W.C. Sellar and R.J. Yeatman, 1066 and All That
(1930), chapter 1:
The first date in English History is 55 BC (for the other date see Chapter 11, William the Conqueror), in which year Julius Caesar (the memorable Roman Emperor) landed, like all other successful invaders of these islands, at Thanet. This was in the Olden Days, when the Romans were top nation on account of their classical education, etc.
Julius Caesar advanced very energetically, throwing his cavalry several thousands of paces over the River Flumen; but the Ancient Britons, though all well over military age, painted themselves true blue, or woad, and fought as heroically under their dashing queen, Woadicea, as they did later in thin red lines under their good queen, Victoria.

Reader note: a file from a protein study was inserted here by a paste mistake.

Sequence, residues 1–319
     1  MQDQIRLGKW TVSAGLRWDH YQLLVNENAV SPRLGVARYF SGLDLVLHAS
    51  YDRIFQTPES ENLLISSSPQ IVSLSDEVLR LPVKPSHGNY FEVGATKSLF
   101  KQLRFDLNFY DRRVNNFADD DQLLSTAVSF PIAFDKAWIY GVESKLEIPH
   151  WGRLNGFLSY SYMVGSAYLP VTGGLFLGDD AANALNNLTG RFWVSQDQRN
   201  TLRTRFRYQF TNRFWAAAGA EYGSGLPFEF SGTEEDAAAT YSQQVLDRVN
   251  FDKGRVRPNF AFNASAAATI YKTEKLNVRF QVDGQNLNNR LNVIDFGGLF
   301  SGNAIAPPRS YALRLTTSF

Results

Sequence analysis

Julius Caesar was therefore compelled to invade Britain again the following year (54 BC, not 56, owing to the peculiar Roman method of counting), and having defeated the Ancient Britons by unfair means, such as battering-rams, tortoises, hippocausts, centipedes, axes, and bundles, set the memorable Latin sentence, 'Veni, Vidi, Vici', which the Romans, who were all very well educated, construed correctly.
The Britons, however, who of course still used the old pronunciation, understanding him to have called them 'Weeny, Weedy, and Weaky', lost heart and gave up the struggle, thinking that he had already divided them All into Three Parts.